The 2023 Nobel Peace Prize was awarded to Iranian activist Narges Mohammadi “for her fight against the oppression of women in Iran and her struggle to promote human rights and freedom for all”. Mohammadi is today one of the most famous activists for women’s rights and human rights in Iran and supported, among other things, the protests that began last year after the death of Mahsa Ami.
In 2009, the Alexander Langer Foundation awarded her the International Alexander Langer Prize, recognizing her commitment to the defense of human rights and freedom of expression. Narges, in fact, was a close collaborator of Shirin Ebadi, Nobel Peace Prize winner in 2003, holding the position of spokesperson and vice-president of the Center for the Defense of Human Rights, which provides legal assistance to hundreds of dissidents. On 7 September 2008 Narges Mohammadi also became president of the executive committee of the National Peace Council in Iran, a vast coalition that aims to avoid the danger of an internal military conflict and opposes any military and violent logic. Born in 1972 in Zanjan, a city about 300 kilometers north-west of Tehran, the Iranian capital, she graduated in Physics, but since her university years she has been involved in clandestine movements for women’s rights and has concentrated above all on the defense of the rights of prisoners and political prisoners, and on campaigns for the abolition of the death penalty.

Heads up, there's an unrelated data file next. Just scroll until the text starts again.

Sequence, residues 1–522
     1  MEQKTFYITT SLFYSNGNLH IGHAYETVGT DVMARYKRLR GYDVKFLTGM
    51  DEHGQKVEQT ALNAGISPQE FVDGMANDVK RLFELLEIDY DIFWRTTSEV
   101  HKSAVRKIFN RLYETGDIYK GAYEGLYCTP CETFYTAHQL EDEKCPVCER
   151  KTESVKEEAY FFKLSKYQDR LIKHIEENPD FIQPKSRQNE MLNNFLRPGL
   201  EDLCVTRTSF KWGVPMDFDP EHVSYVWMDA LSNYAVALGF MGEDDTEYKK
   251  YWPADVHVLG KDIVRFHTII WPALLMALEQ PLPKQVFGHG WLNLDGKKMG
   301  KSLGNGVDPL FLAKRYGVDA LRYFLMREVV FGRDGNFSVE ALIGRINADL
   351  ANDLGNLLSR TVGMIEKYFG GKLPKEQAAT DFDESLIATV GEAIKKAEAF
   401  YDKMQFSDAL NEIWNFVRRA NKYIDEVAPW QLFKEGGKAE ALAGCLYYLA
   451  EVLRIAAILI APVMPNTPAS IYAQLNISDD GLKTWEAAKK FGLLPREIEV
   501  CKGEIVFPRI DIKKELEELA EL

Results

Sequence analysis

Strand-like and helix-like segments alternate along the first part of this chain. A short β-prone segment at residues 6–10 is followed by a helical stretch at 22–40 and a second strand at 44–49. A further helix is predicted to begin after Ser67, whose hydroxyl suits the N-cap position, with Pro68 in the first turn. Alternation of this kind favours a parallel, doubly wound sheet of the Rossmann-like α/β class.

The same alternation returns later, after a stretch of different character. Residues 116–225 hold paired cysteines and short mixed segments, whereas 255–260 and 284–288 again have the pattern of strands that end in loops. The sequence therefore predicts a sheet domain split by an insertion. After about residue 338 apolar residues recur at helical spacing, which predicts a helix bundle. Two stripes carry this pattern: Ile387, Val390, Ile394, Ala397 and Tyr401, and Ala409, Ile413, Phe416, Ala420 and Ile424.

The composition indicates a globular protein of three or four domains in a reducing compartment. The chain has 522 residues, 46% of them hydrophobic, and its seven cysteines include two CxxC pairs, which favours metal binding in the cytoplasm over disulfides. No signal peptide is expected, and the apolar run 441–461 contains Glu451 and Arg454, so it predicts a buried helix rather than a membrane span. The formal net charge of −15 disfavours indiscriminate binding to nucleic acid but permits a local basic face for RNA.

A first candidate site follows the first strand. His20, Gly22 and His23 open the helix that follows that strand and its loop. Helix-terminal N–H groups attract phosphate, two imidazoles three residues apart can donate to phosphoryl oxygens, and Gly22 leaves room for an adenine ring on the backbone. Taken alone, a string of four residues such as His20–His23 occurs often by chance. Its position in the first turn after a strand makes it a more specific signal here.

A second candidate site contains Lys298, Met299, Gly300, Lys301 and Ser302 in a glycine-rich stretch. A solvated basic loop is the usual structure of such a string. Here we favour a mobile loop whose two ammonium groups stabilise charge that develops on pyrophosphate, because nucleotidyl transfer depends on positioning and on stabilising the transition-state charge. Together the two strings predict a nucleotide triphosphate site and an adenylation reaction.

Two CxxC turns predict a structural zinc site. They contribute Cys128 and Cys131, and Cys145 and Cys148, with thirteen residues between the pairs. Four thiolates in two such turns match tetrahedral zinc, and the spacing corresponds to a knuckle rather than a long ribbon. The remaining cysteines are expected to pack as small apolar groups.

Narges today is not a free woman. She is currently serving a ten-year prison sentence in Tehran’s infamous Evin prison accused of spreading propaganda against the regime, for which she was arrested 13 times and sentenced five times for a total of 31 years in prison and 154 lashes. Narges not only paid for her commitment with the loss of freedom and torture, but also with her separation from her husband Taghi Rahmani, now in exile in France, whom the activist has not seen in person for many years.